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COMMUNITY OVERVIEW


Seguin, Texas, serves as the county seat for one of the fastest-growing counties in the nation, Guadalupe County. Sustaining a competitive tax environment, a strong available workforce and ascending retail sales, Seguin is a pro-business community that is committed to growth.

Located thirty minutes east of San Antonio and forty-five minutes south of Austin, Seguin remains positioned to continue to compete well for future developments with ample developable property and excellent access to major thoroughfares of I-10 and SH130. With a population of 30,006 people, Seguin is a diverse community that people of all incomes, ages, and backgrounds call home.

Seguin is one of the oldest towns in Texas. In 1838, a group of frontier Rangers laid out a settlement among beautiful live oaks beside Walnut Springs on the Guadalupe River. They soon named the town for Col. Juan N. Seguin, a Tejano who fought beside the Anglo settlers against the brutal Mexican dictator Santa Anna. During the remaining years of the Republic of Texas, many settlers arrived hoping to establish cotton plantations. Some say the Old South ended here because few plantations, if any, took root west of those built here. An early census showed that some 30 percent of the county's population were African-American slaves. Meanwhile, the frontier town was a center for experimentation with using concrete as a building material. By the late 19th century, about one out of 10 structures here was made of the locally invented "limecrete." As a result, this small town had the greatest concentration of concrete buildings in the country. About 20 of these rare concrete relics survive today including Sebastopol House Historic Site.

Immigrants from Germany began to pour into the area during the 1840s. They came in a steady stream throughout the rest of the 19th century, briefly interrupted by the Civil War, from 1861-1865. Beginning in 1848 until after the railroad arrived in 1876, stagecoaches made an overnight stop at Seguin’s Magnolia Hotel, on the route from Indianola and Port Lavaca on Matagorda Bay to San Antonio. For many decades, King Cotton ruled hereabouts, and the town's prosperity largely depended on the surrounding rich farms and pasture lands. Then in 1930, the discovery of the Darst Creek Field set off an oil boom here. Other boom-towns sprang up like gushers and as quickly fell into decline. But because Seguin was already an established city, it survived its oil boom and accumulated a prized collection of civic buildings and park facilities from the period. New industries arrived after World War II.

Today, plants making steel, electronic products, mowing equipment, construction material, etc., provide a solid industrial base. A huge, highly efficient, gas-powered electric-generating plant came on line recently. The thriving service sector includes a highly-rated and fast-growing liberal arts university anchoring the western side of the city. A modern, well-respected hospital adjoins a sprawling district for shopping, eating, and lodging on the eastern flank. The beautiful Guadalupe River cuts through the city's south side. A fine public park was built alongside it beginning during the Depression years when Seguin enjoyed its oil boom. A scenic drive lined with picnic tables shadows the river for a mile or so, bordered by an 18-hole golf course. Nearby are the fairgrounds, volleyball courts, ballparks, and a country club. Both Interstate 10 and a main line of the Union Pacific pass through the town's north side, where most manufacturing is located.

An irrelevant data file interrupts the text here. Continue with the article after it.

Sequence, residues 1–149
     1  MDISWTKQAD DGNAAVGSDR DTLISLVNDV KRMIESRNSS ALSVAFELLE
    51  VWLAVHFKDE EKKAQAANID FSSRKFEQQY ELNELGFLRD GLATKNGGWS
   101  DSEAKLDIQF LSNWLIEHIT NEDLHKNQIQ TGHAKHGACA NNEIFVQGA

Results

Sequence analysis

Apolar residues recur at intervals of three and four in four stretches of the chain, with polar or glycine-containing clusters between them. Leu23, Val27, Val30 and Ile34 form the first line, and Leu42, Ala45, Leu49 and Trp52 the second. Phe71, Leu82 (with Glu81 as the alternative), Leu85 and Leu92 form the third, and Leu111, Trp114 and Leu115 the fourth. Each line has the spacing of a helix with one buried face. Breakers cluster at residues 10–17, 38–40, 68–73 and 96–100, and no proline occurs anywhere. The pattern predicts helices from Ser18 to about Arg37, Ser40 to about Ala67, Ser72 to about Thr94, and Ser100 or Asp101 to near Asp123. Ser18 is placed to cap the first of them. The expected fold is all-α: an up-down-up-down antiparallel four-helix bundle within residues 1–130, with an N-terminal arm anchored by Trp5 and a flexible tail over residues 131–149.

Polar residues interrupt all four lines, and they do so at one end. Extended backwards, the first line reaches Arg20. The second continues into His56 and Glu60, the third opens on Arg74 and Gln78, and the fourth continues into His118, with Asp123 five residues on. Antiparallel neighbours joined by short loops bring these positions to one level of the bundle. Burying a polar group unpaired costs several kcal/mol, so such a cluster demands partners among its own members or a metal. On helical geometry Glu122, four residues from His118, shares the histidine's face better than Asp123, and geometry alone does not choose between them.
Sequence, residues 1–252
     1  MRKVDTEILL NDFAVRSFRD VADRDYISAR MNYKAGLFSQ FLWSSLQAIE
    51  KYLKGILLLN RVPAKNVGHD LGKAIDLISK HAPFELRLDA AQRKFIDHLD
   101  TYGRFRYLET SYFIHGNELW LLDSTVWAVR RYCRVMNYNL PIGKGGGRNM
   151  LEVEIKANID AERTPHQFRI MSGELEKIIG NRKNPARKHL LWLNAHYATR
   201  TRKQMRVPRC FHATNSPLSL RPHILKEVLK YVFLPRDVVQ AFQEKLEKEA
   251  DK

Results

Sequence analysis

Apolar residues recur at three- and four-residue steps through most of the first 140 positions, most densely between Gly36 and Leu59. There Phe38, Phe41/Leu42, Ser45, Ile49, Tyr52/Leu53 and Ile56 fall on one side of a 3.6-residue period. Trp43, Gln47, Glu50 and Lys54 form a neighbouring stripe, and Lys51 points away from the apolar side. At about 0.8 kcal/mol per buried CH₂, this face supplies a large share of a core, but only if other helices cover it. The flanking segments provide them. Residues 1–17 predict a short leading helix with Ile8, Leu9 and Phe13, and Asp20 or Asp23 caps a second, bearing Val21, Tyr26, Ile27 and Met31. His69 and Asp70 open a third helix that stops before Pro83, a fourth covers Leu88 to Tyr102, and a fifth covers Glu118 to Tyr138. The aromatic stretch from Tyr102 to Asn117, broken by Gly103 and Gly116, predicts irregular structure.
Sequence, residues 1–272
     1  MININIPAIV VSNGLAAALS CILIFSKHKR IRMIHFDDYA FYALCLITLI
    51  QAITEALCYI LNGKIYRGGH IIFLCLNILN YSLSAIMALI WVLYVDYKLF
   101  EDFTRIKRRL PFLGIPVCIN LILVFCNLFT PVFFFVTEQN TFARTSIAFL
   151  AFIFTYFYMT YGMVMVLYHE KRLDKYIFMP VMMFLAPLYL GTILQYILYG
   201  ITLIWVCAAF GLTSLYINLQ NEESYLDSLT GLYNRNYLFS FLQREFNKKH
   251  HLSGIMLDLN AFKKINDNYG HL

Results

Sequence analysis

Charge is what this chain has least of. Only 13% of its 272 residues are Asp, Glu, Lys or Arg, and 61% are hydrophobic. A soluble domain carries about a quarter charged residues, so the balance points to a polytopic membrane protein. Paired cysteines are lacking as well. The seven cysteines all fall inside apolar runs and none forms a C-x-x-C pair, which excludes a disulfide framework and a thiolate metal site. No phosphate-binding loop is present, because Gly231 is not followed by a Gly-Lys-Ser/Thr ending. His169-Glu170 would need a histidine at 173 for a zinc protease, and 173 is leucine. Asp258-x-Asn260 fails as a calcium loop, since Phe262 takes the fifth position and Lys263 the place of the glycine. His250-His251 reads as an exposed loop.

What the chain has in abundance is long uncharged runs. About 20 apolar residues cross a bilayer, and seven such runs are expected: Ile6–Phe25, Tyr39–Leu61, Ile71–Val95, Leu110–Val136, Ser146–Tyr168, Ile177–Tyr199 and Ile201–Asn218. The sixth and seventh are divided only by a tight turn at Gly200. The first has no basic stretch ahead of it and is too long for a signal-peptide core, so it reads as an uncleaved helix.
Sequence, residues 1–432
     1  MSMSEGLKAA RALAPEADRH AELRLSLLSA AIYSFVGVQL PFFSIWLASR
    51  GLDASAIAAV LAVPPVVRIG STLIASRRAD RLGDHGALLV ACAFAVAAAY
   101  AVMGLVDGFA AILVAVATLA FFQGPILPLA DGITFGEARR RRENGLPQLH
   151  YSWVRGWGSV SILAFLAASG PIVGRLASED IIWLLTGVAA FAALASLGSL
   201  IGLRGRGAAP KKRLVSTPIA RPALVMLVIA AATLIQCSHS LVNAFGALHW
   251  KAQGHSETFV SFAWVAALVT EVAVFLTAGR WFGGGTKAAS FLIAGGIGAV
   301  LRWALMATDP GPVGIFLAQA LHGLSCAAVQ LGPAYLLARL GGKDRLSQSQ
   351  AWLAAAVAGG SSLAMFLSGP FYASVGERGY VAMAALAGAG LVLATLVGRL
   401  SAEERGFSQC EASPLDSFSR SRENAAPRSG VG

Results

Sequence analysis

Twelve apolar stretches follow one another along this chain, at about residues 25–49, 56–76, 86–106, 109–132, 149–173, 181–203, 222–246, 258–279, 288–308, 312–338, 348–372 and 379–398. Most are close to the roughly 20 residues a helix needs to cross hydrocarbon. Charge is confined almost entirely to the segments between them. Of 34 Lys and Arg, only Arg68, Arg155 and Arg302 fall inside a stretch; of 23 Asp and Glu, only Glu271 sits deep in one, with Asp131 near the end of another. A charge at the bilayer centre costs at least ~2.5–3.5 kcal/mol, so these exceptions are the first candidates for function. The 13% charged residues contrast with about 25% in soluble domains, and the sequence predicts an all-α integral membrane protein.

The heart of the city is filled with fine old homes in traditional neighborhoods, and the city is ringed by contemporary residential developments as well. Fine homes by leading architects J. Reily Gordon, Solon McAdoo, Leo M.J. Dielman, Atlee B. Ayers, and Marvin Eickenroht dating from the late 19th century and the first half of the 20th century can be found on many streets. In addition, just outside the current city limits, hundreds of handsome riverfront homes sit along the shores of Lake McQueeney, Lake Placid, and Meadow Lake on the beautiful Guadalupe River.

Seguin is one of the oldest towns in the state. To preserve some of the historic character of the town, Seguin became one of the state's first Main Street cities, and the downtown district was placed on the National Register of Historic Places. Downtown Seguin includes 26 square blocks, consisting of buildings that date back to the early 1900's and some date as far back as the days of the Republic of Texas. Downtown has a sprawling collection of commercial and public buildings, including two four-story hotel buildings.

Within this section, you will find information and resources regarding Seguin’s history, housing, education, available healthcare, leisure and recreation, and arts and culture.

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